Originally posted by Martyn1981
    Hi

    It's still nice & cool in most of the house when compared to outside, but has started to become a little too warm upstairs (insulation, insulation, insu ...). For the last couple of nights we've opened bedroom windows overnight to let the heat out, before closing them again during the day to keep it out.

    At this time of year we get sun at the back of the house in the evening which often provides some unwelcome solar-gain, so yesterday our unit was run for around 15-20 minutes on a very low setting to bring the air temperature down a little ... first time this year though.


    HTH
    Z
    Last edited by zeupater; 26-05-2017 at 8:14 PM. Reason: + yesterday
    "We are what we repeatedly do, excellence then is not an act, but a habit. " ...... Aristotle
    • Exiled Tyke
    • By Exiled Tyke 29th May 17, 1:59 PM
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    Exiled Tyke
    Thanks all for the great advice. Lots to think about. Currently wood is free but unlikely to stay that way forever. The log burner is in the middle section of lounge (to half of it). The very top section we currently don't use. The dining room below it is only used occasionally (actually it's music rehearsal space).

    I would be looking to put the o/s unit on the RHS of the lounge area but you've also raised a concern that it may be too near the boundary and upset next door. That is also the north side of the house so perhaps not the best location?

    I suppose my issue is that my major heating cost is now keeping the base temperature reasonable in the rest of the house - ok so bedrooms and bathrooms as the kitchen 'heats itself' when in use.

    I still like the idea but suspect it's not yet viable.
    Install 28th Nov 15, 3.3kW, (11x300LG), SolarEdge, SW. W Yorks.
    • ASavvyBuyer
    • By ASavvyBuyer 1st Jun 17, 10:12 AM
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    ASavvyBuyer
    May 2017 update for using the Toshiba Air Conditioner/Heat Pump.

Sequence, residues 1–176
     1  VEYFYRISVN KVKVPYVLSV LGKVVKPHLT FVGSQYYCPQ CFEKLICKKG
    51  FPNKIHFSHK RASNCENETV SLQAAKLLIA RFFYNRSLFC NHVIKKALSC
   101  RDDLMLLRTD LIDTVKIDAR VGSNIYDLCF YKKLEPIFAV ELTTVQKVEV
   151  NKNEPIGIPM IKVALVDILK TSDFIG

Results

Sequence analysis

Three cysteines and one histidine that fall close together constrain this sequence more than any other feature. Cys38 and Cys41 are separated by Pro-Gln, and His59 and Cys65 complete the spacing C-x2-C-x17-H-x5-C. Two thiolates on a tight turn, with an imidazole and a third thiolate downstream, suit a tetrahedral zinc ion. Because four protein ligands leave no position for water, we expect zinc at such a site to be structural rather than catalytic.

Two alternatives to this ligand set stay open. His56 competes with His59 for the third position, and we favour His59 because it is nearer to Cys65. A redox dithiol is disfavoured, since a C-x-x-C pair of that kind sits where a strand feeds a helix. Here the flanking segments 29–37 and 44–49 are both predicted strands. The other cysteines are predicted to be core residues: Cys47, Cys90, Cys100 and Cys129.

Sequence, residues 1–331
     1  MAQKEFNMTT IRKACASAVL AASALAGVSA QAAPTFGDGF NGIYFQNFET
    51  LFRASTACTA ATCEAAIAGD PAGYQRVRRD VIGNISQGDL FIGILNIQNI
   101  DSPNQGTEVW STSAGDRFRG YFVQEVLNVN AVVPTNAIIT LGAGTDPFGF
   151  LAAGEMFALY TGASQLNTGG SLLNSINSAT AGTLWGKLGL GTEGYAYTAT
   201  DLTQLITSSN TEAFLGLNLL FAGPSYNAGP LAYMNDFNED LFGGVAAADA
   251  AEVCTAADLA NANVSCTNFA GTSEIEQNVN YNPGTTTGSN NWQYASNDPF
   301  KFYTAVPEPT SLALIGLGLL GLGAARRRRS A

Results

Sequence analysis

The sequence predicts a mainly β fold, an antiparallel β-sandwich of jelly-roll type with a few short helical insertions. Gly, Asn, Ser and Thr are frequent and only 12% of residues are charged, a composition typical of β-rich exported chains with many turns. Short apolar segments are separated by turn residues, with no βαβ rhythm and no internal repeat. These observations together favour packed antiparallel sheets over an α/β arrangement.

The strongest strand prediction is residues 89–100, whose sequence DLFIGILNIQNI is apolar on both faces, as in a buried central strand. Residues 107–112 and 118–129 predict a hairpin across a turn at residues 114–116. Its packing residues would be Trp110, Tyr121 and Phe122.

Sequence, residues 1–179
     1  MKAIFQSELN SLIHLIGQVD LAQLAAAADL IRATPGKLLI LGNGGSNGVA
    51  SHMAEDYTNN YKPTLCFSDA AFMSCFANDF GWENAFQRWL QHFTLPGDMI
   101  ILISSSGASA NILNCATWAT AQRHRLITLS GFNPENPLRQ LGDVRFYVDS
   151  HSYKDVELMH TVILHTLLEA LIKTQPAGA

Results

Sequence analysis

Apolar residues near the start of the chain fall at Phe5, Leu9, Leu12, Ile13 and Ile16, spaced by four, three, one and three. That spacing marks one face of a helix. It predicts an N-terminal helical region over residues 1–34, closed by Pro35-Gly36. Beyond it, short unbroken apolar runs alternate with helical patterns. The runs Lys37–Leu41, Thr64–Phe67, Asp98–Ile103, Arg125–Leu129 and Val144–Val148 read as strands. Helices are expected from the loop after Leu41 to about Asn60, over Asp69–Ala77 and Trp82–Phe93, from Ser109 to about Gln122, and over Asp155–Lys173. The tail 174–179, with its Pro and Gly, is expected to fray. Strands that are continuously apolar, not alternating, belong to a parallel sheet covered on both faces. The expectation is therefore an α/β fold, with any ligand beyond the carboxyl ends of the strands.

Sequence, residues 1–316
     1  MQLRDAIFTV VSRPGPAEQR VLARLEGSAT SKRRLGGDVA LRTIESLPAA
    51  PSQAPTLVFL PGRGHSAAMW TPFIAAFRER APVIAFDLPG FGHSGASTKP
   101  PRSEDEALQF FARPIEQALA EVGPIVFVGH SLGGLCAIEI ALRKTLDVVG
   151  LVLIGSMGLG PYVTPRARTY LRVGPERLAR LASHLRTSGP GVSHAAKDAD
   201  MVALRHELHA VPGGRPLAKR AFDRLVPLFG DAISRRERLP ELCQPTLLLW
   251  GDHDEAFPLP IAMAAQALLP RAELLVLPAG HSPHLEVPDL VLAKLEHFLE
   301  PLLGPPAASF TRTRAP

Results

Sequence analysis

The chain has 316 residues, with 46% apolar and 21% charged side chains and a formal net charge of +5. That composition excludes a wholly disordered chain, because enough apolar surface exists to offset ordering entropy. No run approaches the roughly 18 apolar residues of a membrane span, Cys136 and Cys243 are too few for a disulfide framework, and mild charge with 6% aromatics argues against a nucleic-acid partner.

Comparing Gas & Electric use from May last year have ended up with the following figures:
    Gas use down to 12kWh compared to 97kWh last year (a saving of just over 87%) GCH got triggered to come on for a short period on a couple of cold mornings.

    Electric import the same as last year at 94kWh.

    From checking the historical records at Accuweather.com for weather, it has been very similar month to last year, except for the short heat wave last week, where the cooling from the ASHP worked a treat
    Rhondda Cynon Taf, 4kWp, W roof, 30° pitch, 16 x 8.33 Eternity 250w E+10 panels, Solar Edge SE4000-16A Inverter + P300 Optimisers & REUK Diverter
    + Toshiba RAS-10G2KVP-E Ultra High Efficiency Air Conditioner/Heat Pump
    • BrianD
    • By BrianD 1st Jun 17, 4:44 PM
    • 53 Posts
    • 12 Thanks
    BrianD
    I have found this a very informative and interesting thread and am about to obtain quotes for one of the Daseikai 8 heat pumps but before doing so can I ask if either Z or ASB would still purchase the same product or is there something newer which you would choose instead?

    I have a 3.68K system of west facing panels installed in 2011 and based in Darlington
    • ASavvyBuyer
    • By ASavvyBuyer 1st Jun 17, 8:17 PM
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    ASavvyBuyer
    I have found this a very informative and interesting thread and am about to obtain quotes for one of the Daseikai 8 heat pumps but before doing so can I ask if either Z or ASB would still purchase the same product or is there something newer which you would choose instead?

    I have a 3.68K system of west facing panels installed in 2011 and based in Darlington
    Originally posted by BrianD
    Have not really be looking for later models, but have not noticed any being promoted. If we were having another one installed, would still probably go for the same unit.

    However, may be worth taking a look at some of the models listed here http://www.topten.eu/?page=monosplit-3kw as some appear to be even more efficient than the Toshiba Unit we have, but a lot depends on how controllable they are.
    Last edited by ASavvyBuyer; 01-06-2017 at 9:39 PM. Reason: added link info
    Rhondda Cynon Taf, 4kWp, W roof, 30° pitch, 16 x 8.33 Eternity 250w E+10 panels, Solar Edge SE4000-16A Inverter + P300 Optimisers & REUK Diverter
    + Toshiba RAS-10G2KVP-E Ultra High Efficiency Air Conditioner/Heat Pump
    • zeupater
    • By zeupater 5th Jun 17, 12:42 PM
    • 3,577 Posts
    • 4,407 Thanks
    zeupater
    I have found this a very informative and interesting thread and am about to obtain quotes for one of the Daseikai 8 heat pumps but before doing so can I ask if either Z or ASB would still purchase the same product or is there something newer which you would choose instead?

    I have a 3.68K system of west facing panels installed in 2011 and based in Darlington